As described herein, charges are assigned to a user based on operational costs associated with the services utilized by the user. Those skilled in the art will appreciate that as used herein, “assigning a charge” in a communications system generally encompasses associating potential revenue of the communications system with a particular user. Accordingly, “assigning a charge” may encompass, for example, simply maintaining records, e.g., call records, that associate a particular user with a portion of the potential revenue stream of the system. Assigning a charge need not necessarily encompass the actual “billing” of the user. Those skilled in the art will also appreciate that charges associated with use may be expressed in monetary units or in non-monetary units.
FIG. 11 is a flowchart illustration of operations 1100 for communicating and assigning charges in a wireless communications system according to aspects of the present invention. It will be understood that blocks of the flowchart illustration, and combinations of blocks in the flowchart illustration, can be implemented by computer program instructions which may be loaded onto a computer or other programmable data processing apparatus to produce a machine such that the instructions which execute on the computer or other programmable data processing apparatus create means for implementing the functions specified in the flowchart block or blocks. For example, blocks of the flowchart illustration may be implemented as computer instructions that are loaded and executed at base stations, MTSO and/or mobile terminals of radiotelephone systems such as those illustrated in FIGS. 1 and 2. The computer program instructions may also be loaded onto a computer or other programmable data processing apparatus to cause a series of operational steps to be performed on the computer or other programmable apparatus to produce a computer implemented process such that the instructions which execute on the computer or other programmable apparatus provide steps for implementing the functions specified in the flowchart block or blocks.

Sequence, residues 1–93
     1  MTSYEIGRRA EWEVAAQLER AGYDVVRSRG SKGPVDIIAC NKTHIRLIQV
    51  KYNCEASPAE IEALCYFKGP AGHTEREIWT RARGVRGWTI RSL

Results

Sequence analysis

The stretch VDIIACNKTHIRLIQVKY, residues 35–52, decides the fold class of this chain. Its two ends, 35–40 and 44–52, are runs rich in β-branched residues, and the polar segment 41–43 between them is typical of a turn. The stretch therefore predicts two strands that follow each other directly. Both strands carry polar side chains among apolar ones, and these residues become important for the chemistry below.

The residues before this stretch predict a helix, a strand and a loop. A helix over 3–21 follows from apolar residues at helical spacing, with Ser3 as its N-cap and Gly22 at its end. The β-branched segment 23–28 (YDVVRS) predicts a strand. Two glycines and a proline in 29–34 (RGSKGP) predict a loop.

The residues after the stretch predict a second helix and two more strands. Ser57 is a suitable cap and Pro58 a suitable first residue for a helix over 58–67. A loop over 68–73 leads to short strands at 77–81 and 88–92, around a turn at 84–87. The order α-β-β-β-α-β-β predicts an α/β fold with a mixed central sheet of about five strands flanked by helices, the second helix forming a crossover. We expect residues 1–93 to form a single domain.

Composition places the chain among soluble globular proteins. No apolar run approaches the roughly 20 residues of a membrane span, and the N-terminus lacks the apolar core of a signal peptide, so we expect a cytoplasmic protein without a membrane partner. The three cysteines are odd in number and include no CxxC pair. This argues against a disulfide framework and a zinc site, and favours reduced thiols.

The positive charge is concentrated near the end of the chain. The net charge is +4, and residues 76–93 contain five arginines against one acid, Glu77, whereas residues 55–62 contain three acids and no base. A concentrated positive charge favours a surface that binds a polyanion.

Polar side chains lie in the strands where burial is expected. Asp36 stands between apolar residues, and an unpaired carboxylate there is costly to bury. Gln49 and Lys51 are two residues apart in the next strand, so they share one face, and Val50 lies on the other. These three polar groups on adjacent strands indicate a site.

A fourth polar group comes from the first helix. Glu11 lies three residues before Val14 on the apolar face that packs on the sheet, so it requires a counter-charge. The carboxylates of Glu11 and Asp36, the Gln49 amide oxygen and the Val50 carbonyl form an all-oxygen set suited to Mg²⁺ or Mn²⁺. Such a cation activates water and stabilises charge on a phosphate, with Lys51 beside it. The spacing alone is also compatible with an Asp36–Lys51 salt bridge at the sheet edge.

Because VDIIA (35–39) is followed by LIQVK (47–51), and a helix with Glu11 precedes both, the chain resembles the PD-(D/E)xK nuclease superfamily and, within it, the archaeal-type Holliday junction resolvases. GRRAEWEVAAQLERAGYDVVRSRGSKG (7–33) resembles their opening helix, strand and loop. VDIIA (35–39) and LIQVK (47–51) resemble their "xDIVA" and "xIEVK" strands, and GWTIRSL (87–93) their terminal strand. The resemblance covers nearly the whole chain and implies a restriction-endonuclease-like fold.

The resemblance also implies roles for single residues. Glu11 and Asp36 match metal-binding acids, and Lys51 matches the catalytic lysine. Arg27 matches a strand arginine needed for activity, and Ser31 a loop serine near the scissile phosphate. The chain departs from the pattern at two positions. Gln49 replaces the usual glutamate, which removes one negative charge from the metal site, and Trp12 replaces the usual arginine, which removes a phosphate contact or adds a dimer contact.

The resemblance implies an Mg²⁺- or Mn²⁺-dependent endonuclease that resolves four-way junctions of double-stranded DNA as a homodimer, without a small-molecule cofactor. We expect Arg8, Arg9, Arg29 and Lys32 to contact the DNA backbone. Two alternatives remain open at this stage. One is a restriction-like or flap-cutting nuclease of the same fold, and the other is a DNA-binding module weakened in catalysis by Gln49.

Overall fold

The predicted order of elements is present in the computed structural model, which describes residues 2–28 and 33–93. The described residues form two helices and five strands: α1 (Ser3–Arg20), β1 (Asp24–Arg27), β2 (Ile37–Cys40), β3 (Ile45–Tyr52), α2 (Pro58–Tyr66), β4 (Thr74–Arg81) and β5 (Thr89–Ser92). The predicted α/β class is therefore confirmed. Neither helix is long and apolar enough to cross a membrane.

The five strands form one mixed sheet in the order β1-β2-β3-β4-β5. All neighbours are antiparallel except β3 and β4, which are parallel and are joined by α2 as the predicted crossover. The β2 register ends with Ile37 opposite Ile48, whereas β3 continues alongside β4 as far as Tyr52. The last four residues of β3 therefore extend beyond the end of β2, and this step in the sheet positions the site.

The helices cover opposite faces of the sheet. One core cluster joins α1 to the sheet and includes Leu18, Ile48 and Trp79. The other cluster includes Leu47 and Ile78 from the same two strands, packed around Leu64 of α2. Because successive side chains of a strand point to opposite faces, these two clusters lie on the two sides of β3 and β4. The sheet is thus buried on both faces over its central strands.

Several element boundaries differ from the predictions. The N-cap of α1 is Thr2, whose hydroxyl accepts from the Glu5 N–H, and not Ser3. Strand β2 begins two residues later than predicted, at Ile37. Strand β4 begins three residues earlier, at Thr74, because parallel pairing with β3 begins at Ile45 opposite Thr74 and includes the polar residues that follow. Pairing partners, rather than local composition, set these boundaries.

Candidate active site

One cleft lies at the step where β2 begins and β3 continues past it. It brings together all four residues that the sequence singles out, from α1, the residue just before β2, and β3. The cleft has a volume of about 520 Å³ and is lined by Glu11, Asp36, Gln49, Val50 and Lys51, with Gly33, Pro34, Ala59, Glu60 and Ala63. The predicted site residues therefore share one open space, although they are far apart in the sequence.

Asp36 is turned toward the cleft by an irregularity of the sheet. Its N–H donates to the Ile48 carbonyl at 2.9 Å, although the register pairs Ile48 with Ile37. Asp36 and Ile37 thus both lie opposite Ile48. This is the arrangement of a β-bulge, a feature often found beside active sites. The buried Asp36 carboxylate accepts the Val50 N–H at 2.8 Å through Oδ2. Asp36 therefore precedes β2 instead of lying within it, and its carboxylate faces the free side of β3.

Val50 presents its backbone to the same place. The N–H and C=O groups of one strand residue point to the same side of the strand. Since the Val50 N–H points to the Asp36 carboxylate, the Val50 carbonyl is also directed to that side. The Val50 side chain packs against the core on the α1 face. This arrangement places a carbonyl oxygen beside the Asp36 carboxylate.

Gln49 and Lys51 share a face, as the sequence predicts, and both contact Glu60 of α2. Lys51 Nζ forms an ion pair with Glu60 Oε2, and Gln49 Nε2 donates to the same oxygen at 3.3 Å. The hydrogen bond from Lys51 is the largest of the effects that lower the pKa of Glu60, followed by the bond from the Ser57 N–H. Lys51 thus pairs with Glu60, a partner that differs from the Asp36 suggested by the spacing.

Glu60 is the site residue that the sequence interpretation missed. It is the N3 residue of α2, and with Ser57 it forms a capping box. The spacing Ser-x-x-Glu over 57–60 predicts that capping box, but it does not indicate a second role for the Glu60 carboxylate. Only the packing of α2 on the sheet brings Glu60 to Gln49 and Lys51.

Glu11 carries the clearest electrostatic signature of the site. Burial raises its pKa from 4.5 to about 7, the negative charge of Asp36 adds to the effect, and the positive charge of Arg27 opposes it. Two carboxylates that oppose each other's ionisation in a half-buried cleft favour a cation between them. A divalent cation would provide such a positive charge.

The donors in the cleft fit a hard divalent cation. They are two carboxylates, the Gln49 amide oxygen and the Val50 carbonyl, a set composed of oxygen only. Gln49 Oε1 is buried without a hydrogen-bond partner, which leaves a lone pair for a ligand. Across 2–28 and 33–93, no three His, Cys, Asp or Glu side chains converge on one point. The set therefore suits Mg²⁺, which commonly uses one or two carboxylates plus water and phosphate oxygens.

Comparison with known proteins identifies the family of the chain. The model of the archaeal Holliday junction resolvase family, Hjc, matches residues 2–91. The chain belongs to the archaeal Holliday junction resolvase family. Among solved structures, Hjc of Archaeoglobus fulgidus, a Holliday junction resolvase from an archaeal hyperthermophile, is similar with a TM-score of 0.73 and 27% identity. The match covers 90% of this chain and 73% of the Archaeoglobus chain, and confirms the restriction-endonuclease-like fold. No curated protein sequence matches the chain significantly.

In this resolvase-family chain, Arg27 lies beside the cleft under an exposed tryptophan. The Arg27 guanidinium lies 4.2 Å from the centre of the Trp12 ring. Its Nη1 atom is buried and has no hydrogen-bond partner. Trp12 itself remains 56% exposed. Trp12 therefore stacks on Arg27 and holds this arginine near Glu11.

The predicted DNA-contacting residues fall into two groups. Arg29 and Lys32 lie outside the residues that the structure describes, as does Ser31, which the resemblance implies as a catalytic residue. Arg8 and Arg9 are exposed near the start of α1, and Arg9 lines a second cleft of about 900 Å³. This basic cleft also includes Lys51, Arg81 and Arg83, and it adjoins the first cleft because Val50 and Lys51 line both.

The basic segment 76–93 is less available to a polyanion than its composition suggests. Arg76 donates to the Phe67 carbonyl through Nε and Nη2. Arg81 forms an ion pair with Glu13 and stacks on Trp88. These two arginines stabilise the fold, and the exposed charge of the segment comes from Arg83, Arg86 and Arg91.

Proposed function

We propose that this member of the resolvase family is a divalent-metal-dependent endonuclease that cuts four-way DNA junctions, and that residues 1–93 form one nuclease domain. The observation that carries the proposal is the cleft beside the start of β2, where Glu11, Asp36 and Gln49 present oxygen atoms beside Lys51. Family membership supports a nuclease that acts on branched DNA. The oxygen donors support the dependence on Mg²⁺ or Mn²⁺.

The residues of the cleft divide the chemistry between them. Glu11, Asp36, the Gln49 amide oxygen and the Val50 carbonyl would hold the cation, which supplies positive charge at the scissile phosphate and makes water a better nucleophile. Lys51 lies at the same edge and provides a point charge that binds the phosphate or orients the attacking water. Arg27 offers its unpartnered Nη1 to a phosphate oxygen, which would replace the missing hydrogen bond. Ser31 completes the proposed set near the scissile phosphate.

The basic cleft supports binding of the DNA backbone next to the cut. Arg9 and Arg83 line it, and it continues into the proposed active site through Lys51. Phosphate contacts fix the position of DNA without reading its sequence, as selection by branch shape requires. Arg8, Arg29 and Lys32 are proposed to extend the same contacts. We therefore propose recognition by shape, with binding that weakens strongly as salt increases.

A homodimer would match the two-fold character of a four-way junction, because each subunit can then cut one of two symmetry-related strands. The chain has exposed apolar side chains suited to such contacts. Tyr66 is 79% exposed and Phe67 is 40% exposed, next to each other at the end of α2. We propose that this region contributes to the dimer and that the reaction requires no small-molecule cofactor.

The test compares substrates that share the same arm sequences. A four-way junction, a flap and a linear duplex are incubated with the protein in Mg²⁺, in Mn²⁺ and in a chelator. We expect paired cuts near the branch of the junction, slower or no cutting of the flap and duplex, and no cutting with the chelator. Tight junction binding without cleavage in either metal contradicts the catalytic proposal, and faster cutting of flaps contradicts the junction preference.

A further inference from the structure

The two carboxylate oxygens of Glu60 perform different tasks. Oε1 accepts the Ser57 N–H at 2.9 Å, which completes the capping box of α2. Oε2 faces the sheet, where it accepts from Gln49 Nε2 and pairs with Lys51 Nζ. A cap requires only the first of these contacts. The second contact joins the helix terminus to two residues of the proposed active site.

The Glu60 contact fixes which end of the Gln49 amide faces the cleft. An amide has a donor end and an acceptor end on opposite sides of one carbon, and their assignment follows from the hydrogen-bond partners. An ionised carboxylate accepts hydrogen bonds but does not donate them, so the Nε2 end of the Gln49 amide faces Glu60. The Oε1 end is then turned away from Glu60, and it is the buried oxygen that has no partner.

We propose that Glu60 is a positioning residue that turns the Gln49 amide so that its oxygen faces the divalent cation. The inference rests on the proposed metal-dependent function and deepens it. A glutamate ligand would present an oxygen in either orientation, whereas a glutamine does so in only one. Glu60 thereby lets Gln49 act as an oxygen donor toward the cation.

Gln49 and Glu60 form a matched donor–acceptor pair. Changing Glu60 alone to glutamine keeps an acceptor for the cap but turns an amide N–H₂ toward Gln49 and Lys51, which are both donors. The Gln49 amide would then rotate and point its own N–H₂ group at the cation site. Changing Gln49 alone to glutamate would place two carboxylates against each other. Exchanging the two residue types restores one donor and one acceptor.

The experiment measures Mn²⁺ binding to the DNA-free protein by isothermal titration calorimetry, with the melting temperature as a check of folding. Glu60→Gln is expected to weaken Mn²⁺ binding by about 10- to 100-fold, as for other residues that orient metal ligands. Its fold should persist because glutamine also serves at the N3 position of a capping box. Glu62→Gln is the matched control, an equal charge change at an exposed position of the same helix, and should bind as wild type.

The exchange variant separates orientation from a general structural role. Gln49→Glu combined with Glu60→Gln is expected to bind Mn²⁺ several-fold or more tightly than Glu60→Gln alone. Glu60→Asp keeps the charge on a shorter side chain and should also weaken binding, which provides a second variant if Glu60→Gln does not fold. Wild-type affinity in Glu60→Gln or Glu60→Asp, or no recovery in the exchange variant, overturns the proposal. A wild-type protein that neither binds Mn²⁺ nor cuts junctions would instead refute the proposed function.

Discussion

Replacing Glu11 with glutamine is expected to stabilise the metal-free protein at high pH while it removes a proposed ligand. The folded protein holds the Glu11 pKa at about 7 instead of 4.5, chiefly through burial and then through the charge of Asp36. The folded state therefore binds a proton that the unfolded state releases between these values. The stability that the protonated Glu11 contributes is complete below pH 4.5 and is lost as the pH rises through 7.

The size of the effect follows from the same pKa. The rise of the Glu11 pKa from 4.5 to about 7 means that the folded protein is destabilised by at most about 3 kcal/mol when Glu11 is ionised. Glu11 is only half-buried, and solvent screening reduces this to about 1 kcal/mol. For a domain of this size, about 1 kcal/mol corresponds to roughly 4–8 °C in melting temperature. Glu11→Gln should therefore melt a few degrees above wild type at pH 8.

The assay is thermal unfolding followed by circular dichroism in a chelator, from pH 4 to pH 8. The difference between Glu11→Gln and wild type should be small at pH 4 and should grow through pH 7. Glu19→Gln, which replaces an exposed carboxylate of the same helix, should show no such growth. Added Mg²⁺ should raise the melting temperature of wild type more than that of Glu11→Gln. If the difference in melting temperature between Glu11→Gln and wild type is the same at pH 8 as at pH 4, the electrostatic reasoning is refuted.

Accordingly, blocks of the flowchart illustration support combinations of means for performing the specified functions and combinations of steps for performing the specified functions. It will also be understood that each block of the flowchart illustration, and combinations of blocks in the flowchart illustration, can be implemented by special purpose hardware-based computer systems which perform the specified functions or steps, or combinations of special purpose hardware and computer instructions.
It will also be understood that the blocks of the flowchart illustration may implemented using the messaging apparatus and methods illustrated in FIGS. 3-9. For example, functions illustrated by the blocks of the flowchart illustration that relate to communicating over robust, high-penetration messaging channels may be performed using the apparatus and methods of FIGS. 6A-10.